Given all the trouble people on the Gulf Coast continue to have with insurance companies, I was recently inspired to re-read "Blessed Assurance" by Allan Gurganus, from his awesome short story collection, "White People." The narrator, Jerry, is a former funeral insurance salesman who put himself through college exploiting poor black people. When he starts to actually worry about the fate of his clients, he suffers a crisis of conscience that haunts him for decades. (The story -- named after the traditional hymn --also appeared in Granta.)
An insurance salesman with a conscience? Needless to say, this was a work of great imagination, and I think it ought to be required reading for every crash-course-licensed insurance adjuster who came down here after the storm to arbitrarily decide the fate of thousands of Hurricane Katrina victims. (I know, I know, they didn't actually sell the policies. And some of those policies actually held. But still). It's a great read for anyone else, too.
Apparently the story was adapted to film by Peter Bogdanovich and retitled "The Price of Heaven." It starred Cicely Tyson and George Wendt, among others, and although I haven't seen the film, I'm guessing Wendt played the part of Jerry's boss, the one who, in the print version, offers him the following advice:
"Now, times, you might get to feeling - nice boy like you, college material - like maybe you're stealing from them. You take that attitude, you'll wind up like...like me. No, you've got to accept how another type of person believes. Especially when there's such a profit in it...Plus, for all we know, they could be right, Jerry. Is there is the so-called next world, they'll turn up in it, brass bands to announce them. And us poor white guys who sold them the tickets, we'll be deep-fat frying underneath forever."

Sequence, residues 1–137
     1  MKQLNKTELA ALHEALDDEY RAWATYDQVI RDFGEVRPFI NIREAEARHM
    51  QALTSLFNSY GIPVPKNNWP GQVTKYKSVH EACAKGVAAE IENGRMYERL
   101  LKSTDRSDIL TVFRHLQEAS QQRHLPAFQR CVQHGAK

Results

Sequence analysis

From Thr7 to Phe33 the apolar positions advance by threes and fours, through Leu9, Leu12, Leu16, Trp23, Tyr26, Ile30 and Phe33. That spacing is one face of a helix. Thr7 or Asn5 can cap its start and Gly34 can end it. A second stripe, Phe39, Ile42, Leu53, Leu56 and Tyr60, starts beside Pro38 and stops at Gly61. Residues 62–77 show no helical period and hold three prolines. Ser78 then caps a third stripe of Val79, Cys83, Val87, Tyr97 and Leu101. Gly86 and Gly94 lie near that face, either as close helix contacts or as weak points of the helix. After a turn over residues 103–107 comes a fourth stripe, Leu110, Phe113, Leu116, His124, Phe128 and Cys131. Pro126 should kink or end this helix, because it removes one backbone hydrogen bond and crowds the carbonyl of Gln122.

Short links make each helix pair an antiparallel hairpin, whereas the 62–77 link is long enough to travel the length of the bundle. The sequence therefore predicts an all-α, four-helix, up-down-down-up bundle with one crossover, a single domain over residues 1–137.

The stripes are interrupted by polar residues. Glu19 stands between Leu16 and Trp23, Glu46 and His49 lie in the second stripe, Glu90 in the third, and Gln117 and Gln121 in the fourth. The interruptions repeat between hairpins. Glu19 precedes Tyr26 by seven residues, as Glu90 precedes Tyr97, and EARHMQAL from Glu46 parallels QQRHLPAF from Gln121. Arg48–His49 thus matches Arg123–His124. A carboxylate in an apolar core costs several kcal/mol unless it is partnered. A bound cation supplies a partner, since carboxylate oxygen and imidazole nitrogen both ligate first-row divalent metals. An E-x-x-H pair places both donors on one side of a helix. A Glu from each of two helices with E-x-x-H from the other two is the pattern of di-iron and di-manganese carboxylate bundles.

Gurganus, probably best known for his novel "The Oldest Living Confederate Widow Tells All", is apparently working on a novel based on the post-Floyd flooding of his home state of North Carolina. Shortly after that event, he wrote an editorial about it for the New York Times, which concluded with a prayer as sad and sweet as his insurance salesman story:
If you're scared the world is ending in fire, reconsider. May we, the waders of North Carolina, (all these snakes!) half-reassure you? It'll probably be water. But, even in this catastrophe's toxic wake, we're inching toward the high ground of a glum communal hope. Some 19th-centurywillingness to act is yet there, if called upon. People are still imagining each other so they can rescue each other. A strange, radical thing, kindness. May we continually pray for a citizenry that, epic as the horrors visited on it, still finds itself able to row right off, to guess a quiet neighbor's whereabouts, to save that neighbor. Heaven keep us afloat and worthy of saving each other. And, as a nation, kindly keep us worth saving. Amen.
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Terry Teachout on the arts in New York City
Andrew Taylor on the business of arts & culture
rock culture approximately
Rebuilding Gulf Culture after Katrina
Richard Kessler on arts education
Douglas McLennan's blog
Art from the American Outback
For immediate release: the arts are marketable
No genre is the new genre
David Jays on theatre and dance
John Rockwell on the arts
Jan Herman - arts, media & culture with 'tude
Apollinaire Scherr talks about dance
Tobi Tobias on dance et al...
Howard Mandel's freelance Urban Improvisation
Focus on New Orleans. Jazz and Other Sounds
Doug Ramsey on Jazz and other matters...
Jeff Weinstein's Cultural Mixology
Martha Bayles on Film...
Greg Sandow performs a book-in-progress
Exploring Orchestras w/ Henry Fogel
Harvey Sachs on music, and various digressions
Kyle Gann on music after the fact
Greg Sandow on the future of Classical Music
Norman Lebrecht on Shifting Sound Worlds
Jerome Weeks on Books
Scott McLemee on books, ideas & trash-culture ephemera
Wendy Rosenfield: covering drama, onstage and off
Chloe Veltman on how culture will save the world
Elizabeth Zimmer on time-based art forms
Public Art, Public Space
John Perreault's art diary
Lee Rosenbaum's Cultural Commentary
Tyler Green's modern & contemporary art blog